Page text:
Vision: Cases and Questions


By Minna Saslaw, MD.

Learning Objectives:

  1. Know the AAP recommendations for eye evaluation and vision screening, and when to refer.
  2. Understand development of normal eye movements and visual acuity.
  3. Know the different physical examination techniques used in vision screening and the conditions they detect. Practice the cover/uncover tests. Know the treatment options for Strabismus and Amblyopia.
  4. Know special circumstances that require screening and/or regular follow-up by an ophthalmologist.


Eye evaluation should start at the initial newborn visit and occur at every well child visit. This evaluation includes an ocular history, vision assessment, external exam, assessment of ocular motility, examination of the pupil and a red reflex examination. Visual acuity testing and attempt at ophthalmoscopy is recommended in children 3yo and older.


Strabismus – ocular misalignment. It is divided into "phorias" and "tropias" and the direction of the misalignment (exo-lateral deviation, eso-medial deviation, hypo-downward, hyper-upward). A "tropia" is an apparent misalignment that is readily visible. The affected eye always points in one direction. A "phoria" is a latent tendency to deviate. Sometimes this may be intermittent due to fatigue, illness or stress and may only be apparent at home or seen with the cover-uncover test.

Amblyopia - the loss of vision due to absence of stimulation of the retina secondary to opacities affecting the visual axis, strabismus or refractive error. Amblyopia can occur with or without strabismus.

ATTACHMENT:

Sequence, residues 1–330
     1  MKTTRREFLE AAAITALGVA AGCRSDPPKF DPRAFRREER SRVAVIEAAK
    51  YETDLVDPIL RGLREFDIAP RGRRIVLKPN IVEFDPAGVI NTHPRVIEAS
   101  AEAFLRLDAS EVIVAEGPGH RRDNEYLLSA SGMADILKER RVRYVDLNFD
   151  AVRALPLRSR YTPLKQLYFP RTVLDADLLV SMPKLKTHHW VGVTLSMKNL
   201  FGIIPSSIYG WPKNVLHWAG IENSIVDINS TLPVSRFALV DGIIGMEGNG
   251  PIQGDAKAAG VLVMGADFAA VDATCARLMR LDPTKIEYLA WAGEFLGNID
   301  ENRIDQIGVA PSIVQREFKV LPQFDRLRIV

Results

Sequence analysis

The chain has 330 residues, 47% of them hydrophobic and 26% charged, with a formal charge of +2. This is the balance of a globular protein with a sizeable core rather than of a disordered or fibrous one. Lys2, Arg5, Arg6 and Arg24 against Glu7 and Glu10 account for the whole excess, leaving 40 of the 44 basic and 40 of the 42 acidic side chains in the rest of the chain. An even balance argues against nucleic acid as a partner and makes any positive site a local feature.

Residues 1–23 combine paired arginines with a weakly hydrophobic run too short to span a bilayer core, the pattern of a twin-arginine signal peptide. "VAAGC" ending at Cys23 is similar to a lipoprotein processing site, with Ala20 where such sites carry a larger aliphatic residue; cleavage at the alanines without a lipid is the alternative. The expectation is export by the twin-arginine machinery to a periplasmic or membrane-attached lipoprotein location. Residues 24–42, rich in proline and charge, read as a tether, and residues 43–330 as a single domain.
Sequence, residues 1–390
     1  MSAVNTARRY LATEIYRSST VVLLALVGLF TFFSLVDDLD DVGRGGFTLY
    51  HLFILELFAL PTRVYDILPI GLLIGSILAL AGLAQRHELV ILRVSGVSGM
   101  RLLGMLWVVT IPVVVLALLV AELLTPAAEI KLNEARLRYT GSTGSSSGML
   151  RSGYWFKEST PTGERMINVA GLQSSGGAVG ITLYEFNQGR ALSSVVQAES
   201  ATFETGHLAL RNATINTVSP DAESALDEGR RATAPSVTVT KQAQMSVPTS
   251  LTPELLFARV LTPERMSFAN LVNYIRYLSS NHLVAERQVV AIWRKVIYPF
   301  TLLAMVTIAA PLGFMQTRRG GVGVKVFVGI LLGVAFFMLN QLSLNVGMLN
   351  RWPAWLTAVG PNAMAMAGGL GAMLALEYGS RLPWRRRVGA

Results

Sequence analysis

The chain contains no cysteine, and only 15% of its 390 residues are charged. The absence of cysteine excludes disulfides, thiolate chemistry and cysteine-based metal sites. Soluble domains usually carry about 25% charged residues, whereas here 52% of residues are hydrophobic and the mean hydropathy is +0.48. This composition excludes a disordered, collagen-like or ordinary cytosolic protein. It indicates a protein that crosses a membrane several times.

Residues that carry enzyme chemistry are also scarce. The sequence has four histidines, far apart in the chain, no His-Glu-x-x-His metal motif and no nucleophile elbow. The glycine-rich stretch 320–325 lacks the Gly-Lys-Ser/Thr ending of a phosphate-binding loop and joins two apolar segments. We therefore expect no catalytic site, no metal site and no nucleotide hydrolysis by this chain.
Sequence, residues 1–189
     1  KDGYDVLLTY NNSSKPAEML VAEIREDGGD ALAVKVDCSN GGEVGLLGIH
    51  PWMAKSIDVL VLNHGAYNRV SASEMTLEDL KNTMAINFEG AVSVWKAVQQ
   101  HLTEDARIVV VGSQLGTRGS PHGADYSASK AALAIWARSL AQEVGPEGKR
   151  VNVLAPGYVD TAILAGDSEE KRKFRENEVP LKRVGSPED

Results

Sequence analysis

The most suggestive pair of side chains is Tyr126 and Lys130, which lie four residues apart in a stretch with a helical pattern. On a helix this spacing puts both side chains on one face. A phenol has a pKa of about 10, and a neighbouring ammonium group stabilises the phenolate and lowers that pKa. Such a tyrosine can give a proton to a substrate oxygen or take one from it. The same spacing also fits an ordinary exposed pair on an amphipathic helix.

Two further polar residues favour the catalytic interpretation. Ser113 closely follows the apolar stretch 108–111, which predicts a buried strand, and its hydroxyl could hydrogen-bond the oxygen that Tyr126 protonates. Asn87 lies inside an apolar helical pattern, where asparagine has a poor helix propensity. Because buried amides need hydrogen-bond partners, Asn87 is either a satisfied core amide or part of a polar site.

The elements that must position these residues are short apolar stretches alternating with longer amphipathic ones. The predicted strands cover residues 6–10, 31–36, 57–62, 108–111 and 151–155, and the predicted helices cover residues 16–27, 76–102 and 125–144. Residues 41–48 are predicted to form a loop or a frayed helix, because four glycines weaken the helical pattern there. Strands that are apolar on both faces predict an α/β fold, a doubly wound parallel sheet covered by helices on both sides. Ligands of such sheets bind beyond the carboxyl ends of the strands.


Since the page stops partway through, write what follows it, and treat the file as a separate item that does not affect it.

Leukocoria – a white pupillary reflex


Case 1:  At a 4 year WCC visit the visual acuity testing shows 20/30 vision in both eyes, do you refer to ophthalmology? Would you refer if the R eye was 20/20 and L eye 20/40?

Case 2:  During a 1mo weight check visit a parent is concerned because the eyes sometimes appear cross-eyed what do you say? What would you say at the 6mo visit? The same parent asks when can the baby see and if he can see colors?

Case 3:  You are seeing a 2 month old for a well child visit. The father shows you the family holiday picture and you notice that only the right eye has red eye in the picture and the left eye looks white. Are you concerned? An 18mo seems to be cross-eyed, how do you evaluate this?

Case 4:  A post-doctoral fellow brings his 2month old for a well child visit and asks what developmental milestones should he look out for in order to know his daughter’s vision is developing correctly?

Case 5:  What other conditions or family history that may affect visual development should prompt an ophthalmology referral?


  1. American Academy of Pediatrics, Committee on Practice and Ambulatory Medicine and Section on Ophthalmology et. Al. Policy Statement: Eye Examination in Infants, Children and Young Adults by Pediatricians. Pediatrics. April 2003; 111; 902-7. Statement reaffirmed in 2007.
  2. American Academy of Pediatrics, Section on Ophthalmology. Policy Statement: Red Reflex Examination in Infants. Pediatrics. May 2002; 109; 980-1.
  3. Broderick, Peter, M.D. Pediatric Vision Screening for the Family Physician. American Family Physician. Sept 1, 1998;58; 691-700. (All of the diagrams except for the Snellen and HOTV charts are from here).
  4. American Academy of Pediatrics, Surgical Advisory Panel. Guidelines for Referral to Pediatric Surgical Specialists. Pediatrics. July 2002;110; 187-191
  6. Silbernagl, Stefan, et. Al. Color Atlas of Pathophysiology. 2000. 324. (COLOR VISION)
  7. "Red-Green Color Vision Defects".
  9. Merck Manual. Sections on Strabismus and Amblyopia. 2007.
  10. US Preventive Services Task Force. Vision screening for children 1 to 5 years of age: US Preventive Services Task Force recommendation statement. Pediatrics. 2011;127(2):340–346
  11. Another good vision screening tutorial with cases, (Good cases with questions)
  12. Instrument-Based Pediatric Vision Screening Policy Statement. Pediatrics. 2012;130(5):983-986.